Hector Trogg’s Perfect World by P.A. Booth
Publisher: Abas UK Ltd.
Genre: Young Adult, Sci-Fi/Fantasy, Action/Adventure, Contemporary
Length: Full Length (465 pages)
Age Recommendation: 12+
Rating: 3 Stars
Reviewed by Astilbe
A brother and sister – An inheritance – An assassin
Through every boring day of school Hector Trogg dreamt of adventure. He wanted to fly a fighter plane, drive a tank, and leap from burning buildings. An unusual inheritance and the world’s most feared killer turn Hector’s daydreams into reality.
While Hector’s family struggle to stay alive with the help of French special forces, Hector and his sister Kate carve a trail of destruction, aided by a dog called Bandit. The French fight for justice. The dog fights for the turkey.
Can Hector save the day?
Can Kate rescue Hector?
Can Dad save lunch?
Suddenly coming into a large amount of money cures some problems, but it can also create entirely new ones. Unfortunately the Trogg siblings haven’t figured that out quite yet.
The bond between siblings is bound to change as they grow up, and the author did a good job at providing realistic glimpses of how such intelligent and resourceful characters work together. Some of my favourite scenes in this story involve Hector and Kate’s shifting relationship. They can be very competitive at times but are never cruel.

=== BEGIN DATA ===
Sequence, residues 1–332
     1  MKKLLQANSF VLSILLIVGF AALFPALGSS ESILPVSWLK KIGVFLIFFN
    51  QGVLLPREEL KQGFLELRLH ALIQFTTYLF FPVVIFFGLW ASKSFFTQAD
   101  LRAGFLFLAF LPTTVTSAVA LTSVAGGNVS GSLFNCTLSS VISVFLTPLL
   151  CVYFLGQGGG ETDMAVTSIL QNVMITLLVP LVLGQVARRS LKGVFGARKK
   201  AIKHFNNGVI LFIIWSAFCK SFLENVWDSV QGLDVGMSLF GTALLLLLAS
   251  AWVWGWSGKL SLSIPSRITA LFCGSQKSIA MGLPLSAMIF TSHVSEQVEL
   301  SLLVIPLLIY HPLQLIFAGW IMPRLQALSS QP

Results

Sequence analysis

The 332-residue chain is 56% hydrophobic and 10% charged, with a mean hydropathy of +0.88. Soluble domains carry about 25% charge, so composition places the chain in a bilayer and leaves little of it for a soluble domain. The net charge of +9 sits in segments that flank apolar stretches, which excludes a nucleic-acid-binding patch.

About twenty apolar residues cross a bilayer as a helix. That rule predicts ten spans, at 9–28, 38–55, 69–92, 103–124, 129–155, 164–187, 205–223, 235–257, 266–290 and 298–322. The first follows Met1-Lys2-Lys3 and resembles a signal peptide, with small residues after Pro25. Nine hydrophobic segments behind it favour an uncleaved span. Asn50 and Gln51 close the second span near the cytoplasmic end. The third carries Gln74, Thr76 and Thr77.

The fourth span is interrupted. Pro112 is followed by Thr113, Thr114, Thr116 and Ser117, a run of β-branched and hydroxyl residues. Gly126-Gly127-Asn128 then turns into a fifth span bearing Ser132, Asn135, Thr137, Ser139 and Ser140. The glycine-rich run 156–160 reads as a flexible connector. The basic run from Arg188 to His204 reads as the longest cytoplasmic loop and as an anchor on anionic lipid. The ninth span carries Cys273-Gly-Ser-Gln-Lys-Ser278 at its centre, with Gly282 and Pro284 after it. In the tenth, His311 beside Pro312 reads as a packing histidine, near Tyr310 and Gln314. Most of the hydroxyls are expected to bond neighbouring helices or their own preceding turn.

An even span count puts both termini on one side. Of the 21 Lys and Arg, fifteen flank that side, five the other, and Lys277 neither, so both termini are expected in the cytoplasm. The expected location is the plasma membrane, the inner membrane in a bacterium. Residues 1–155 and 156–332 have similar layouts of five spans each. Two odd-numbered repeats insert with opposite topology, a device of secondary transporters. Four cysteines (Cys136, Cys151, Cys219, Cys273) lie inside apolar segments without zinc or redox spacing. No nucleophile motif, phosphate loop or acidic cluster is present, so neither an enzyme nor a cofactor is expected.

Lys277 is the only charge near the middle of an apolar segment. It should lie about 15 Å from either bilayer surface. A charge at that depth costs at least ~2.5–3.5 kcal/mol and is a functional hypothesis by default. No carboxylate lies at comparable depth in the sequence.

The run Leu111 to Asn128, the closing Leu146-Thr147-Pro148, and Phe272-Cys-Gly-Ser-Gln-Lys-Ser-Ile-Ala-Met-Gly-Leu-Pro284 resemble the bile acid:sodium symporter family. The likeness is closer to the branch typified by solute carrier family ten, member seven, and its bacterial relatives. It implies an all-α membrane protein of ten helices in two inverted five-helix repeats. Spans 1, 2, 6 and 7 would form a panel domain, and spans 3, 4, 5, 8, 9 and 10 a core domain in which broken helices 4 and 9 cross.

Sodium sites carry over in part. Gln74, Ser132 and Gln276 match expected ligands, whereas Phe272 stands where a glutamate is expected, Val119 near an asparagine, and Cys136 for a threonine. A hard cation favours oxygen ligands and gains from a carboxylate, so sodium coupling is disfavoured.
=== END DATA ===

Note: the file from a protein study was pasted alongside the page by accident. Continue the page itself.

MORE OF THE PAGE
There was a fair amount of telling instead of showing in this book. Given that many scenes are also written in the past tense, I had trouble becoming immersed in what was happening because I didn’t feel as much urgency to know what would happen next as I usually experience from such action-heavy plots. Even the most heart-pounding moments sometimes felt as though they were being recounted many years after they happened due to these factors.
P.A. Booth has a wonderful sense of humour that works quite well for this age group. I particularly liked how the author repeats certain jokes and includes references to previous shenanigans as the plot progresses. Given the serious subject matter in certain chapters, these running gags also provided a much-needed break from the building tension.
Pacing issues begin to show up after the first burst of excitement. Some action scenes are breezed through rapidly while other sections that describe the setting or introduce new characters seemed to slow down the plot. These details are important, but it would have been helpful to have some of them reserved for a little later on so that more time could be spent focusing on all of the trouble Hector and Kate find themselves in.
The science fiction and young adult genres often work really well together, and this tale is no exception to that rule. The latter has a much stronger influence on the plot, but the story becomes stronger and more interesting due to this mixing of genres. This is the kind of novel I’d give to a preteen who is curious about science fiction but prefers his or her stories to occur in a modern-day, realistic setting.
I’d recommend Hector Trogg’s Perfect World to anyone in the mood for adventure. There is plenty of it to be found between these pages!